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Come for food, stay for fun and help Higher Hopes

| November 30, 2016

WARSAW –Come for the food and stay for the fun, but make sure you get there early. That’s Tom Roahrig’s advice for anyone coming to the Higher Hopes Therapeutic Riding Center Auction.

The 16th annual event will be held on Saturday, Dec. 3 at River View High School. Doors open at 4 p.m. and auction begins at 5 p.m.

Roahrig said the auction usually grosses between $17,000 and $20,000 and helps Higher Hopes, which provides therapeutic riding opportunities for children and adults with disabilities, with operating costs, equipment upgrades and making sure no one is turned away regardless of ability to pay.

Auction items include: Toys, tools, tack, donated items, travel packages, theme baskets, fruit baskets and a variety of other items.

There also will be a 50/50 drawing, silent auction, cake auction, saddle raffle, door prizes, homemade desserts, soups sandwiches and more.

Roahrig believes it’s the enthusiasm of those who help organize the auction and gather raffle items, the help of River View’s FFA and the school itself that have kept the event going for 16 years.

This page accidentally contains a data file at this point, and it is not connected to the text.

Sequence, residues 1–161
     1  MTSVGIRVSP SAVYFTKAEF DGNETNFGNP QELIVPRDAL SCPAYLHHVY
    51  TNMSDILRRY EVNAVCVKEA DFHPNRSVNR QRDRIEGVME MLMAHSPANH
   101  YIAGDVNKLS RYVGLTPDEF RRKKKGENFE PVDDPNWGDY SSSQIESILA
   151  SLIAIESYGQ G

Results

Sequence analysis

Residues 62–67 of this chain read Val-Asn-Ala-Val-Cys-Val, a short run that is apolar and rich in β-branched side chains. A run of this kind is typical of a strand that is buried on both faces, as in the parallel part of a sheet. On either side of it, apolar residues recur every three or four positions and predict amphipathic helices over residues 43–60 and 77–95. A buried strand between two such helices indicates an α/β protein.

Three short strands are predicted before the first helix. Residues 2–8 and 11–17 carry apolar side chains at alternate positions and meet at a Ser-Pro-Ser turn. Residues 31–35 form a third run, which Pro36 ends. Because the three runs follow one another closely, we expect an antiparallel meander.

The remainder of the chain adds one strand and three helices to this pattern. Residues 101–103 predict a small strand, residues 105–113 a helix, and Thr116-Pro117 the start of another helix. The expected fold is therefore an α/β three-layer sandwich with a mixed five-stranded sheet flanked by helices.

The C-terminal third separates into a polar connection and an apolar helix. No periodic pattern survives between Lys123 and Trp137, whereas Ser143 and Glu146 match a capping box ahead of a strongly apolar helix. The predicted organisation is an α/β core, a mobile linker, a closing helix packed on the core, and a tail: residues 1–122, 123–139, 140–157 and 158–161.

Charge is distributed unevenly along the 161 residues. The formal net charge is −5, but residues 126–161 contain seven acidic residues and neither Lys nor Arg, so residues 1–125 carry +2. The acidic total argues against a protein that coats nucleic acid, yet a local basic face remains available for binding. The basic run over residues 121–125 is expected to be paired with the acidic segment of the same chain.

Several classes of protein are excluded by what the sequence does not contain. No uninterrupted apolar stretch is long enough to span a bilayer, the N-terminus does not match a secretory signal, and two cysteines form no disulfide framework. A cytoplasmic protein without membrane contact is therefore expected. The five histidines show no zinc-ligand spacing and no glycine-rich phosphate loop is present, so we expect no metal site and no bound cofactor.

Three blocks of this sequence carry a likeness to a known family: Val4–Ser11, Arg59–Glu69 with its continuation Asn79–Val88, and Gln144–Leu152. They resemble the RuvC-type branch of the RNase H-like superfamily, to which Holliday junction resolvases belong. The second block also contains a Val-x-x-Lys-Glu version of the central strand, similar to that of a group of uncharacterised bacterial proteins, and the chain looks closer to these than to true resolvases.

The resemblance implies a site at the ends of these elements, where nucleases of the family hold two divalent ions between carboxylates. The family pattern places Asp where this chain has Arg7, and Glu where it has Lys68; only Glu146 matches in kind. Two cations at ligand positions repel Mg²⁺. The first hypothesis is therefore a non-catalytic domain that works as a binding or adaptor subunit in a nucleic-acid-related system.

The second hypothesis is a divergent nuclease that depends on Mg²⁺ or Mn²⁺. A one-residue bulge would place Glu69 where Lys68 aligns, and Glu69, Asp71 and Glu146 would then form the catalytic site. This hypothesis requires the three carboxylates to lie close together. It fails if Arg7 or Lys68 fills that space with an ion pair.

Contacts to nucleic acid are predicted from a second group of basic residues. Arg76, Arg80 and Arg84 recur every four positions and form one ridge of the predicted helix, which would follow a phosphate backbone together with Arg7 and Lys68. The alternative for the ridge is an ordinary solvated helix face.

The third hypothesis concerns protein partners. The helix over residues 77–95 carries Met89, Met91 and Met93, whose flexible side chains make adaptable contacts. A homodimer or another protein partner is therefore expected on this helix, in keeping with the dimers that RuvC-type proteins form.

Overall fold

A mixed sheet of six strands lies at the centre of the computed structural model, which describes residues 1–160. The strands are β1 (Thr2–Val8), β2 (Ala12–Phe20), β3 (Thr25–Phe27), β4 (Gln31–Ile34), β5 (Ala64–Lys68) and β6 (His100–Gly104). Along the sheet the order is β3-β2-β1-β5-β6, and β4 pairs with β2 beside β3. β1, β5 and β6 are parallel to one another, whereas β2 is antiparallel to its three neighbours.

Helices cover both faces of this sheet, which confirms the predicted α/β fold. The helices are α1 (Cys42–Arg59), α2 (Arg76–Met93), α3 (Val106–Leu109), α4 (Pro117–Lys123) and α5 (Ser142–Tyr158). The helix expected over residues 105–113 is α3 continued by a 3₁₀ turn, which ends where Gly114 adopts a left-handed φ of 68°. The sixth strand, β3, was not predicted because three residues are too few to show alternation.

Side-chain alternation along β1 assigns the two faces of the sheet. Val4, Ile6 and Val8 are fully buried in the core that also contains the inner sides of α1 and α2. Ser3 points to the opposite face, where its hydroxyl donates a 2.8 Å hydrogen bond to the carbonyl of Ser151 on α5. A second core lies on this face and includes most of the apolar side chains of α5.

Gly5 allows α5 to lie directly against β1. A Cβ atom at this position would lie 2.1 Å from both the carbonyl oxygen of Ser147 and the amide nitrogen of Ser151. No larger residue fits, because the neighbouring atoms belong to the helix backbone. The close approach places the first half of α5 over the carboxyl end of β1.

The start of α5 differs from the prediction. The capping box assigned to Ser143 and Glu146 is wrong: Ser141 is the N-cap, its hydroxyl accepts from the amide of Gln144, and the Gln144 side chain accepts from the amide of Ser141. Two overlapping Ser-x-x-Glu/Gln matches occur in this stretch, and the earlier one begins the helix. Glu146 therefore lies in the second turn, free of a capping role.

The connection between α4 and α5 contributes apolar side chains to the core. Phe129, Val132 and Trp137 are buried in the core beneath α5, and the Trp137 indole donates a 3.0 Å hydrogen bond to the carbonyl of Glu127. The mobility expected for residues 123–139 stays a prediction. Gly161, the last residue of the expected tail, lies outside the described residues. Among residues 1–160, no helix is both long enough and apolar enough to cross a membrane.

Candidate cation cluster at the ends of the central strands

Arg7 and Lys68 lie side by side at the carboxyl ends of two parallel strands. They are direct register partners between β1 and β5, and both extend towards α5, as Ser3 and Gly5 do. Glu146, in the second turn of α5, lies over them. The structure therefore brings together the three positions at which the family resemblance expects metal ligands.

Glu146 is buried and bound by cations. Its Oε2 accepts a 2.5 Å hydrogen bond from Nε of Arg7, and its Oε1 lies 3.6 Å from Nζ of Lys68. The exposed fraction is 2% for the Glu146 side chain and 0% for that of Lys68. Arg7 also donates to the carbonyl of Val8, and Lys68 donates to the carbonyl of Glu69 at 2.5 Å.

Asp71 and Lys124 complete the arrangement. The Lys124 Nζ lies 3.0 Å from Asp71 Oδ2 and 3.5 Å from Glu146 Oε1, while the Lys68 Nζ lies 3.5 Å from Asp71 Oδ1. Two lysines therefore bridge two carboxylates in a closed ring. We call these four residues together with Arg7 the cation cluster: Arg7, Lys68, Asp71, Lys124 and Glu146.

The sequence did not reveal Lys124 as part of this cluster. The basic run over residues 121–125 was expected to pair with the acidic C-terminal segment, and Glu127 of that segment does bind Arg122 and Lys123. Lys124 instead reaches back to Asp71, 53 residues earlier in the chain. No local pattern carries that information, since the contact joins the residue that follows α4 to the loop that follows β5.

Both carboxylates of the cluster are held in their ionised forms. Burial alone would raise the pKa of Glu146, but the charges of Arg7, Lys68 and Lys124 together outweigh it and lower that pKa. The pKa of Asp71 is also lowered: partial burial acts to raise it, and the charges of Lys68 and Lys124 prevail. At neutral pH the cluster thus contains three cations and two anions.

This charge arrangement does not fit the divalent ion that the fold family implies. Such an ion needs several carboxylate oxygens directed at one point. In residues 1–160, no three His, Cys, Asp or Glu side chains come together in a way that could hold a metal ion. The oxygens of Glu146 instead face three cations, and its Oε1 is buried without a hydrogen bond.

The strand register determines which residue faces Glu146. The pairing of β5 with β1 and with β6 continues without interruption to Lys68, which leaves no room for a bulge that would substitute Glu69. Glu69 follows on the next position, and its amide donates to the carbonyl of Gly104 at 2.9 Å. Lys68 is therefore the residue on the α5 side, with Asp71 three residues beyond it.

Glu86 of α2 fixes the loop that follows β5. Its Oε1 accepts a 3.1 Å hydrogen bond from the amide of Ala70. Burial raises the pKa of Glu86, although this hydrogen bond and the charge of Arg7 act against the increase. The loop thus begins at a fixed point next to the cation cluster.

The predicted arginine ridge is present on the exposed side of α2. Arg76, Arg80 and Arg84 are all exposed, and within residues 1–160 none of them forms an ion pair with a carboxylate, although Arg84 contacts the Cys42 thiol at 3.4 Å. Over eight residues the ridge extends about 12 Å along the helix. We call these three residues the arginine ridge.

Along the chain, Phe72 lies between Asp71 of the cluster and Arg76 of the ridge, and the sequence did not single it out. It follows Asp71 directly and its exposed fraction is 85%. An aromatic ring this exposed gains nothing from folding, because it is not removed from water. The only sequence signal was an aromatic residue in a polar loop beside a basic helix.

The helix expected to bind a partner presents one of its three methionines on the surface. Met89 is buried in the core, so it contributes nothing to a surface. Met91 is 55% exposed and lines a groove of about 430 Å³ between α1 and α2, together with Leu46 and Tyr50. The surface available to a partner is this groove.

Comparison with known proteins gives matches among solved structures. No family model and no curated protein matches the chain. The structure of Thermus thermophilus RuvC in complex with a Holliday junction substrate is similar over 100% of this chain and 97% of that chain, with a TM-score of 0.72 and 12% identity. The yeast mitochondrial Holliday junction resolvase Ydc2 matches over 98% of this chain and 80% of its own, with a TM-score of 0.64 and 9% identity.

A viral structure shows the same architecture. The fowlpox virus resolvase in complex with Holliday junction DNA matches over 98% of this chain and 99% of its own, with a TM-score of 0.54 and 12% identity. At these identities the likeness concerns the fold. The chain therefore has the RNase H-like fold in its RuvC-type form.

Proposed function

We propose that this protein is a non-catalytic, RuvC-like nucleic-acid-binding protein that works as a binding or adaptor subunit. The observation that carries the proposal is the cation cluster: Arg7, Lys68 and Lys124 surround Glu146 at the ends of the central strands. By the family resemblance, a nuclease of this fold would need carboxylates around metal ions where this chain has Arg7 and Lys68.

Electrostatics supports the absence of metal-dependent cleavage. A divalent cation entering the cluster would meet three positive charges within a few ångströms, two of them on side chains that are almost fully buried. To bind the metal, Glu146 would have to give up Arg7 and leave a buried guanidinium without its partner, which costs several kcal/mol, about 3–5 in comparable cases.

“The FFA sponsors it, is there helping in the kitchen, during the auction and helps set up on Friday and tear down early Sunday morning when it wraps up,” he said.

Roahrig said donations are up this year and some of the ones he’s excited to have are a generator form Auer Ace Hardware, packages from Kalahari Water Park and Kentucky Horse Park and VIP Coshocton County Fair passes.

“Everything we get is quality and we have everything from A to Z,” he said. “The horse tack is there too. There are saddles, bridles, blankets, you name it, we have it. There really is something for everyone.”

People come from near and far for the auction.

“We get people from West Virginia and Pennsylvania and all over the state,” Roahrig said. “I think part of the draw is the auctioneers. People come to see Wayne and those guys.”

The auctioneers at the event will be Wayne Yoder, Eli Troyer and Mel David.

“It’s really elevated from an auction to an event,” Roahrig said. “Our first auction we only made $2,000 or something like that. Now they usually last seven hours. One time it even went to 1 a.m. I had an auctioneer tell me if you can hold a crowd for three to four hours you are doing good, but we’ve held them from 5 p.m. to 1 a.m.”

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Category: People & Places

About the Author ()

I started my journalism career in 2002 with a daily newspaper chain. After various stops with them, I am happy to be back home! I graduated from Coshocton High School in 1998 and received a Bachelor of Arts in Communication in 2002 from Walsh University. I also earned several awards while working for daily papers, including being honored by Coshocton County’s veterans for the stories I wrote about them. I am honored and ready to once again shine a positive light on Coshocton County. I also am the proud mother of a little girl named Sophia!

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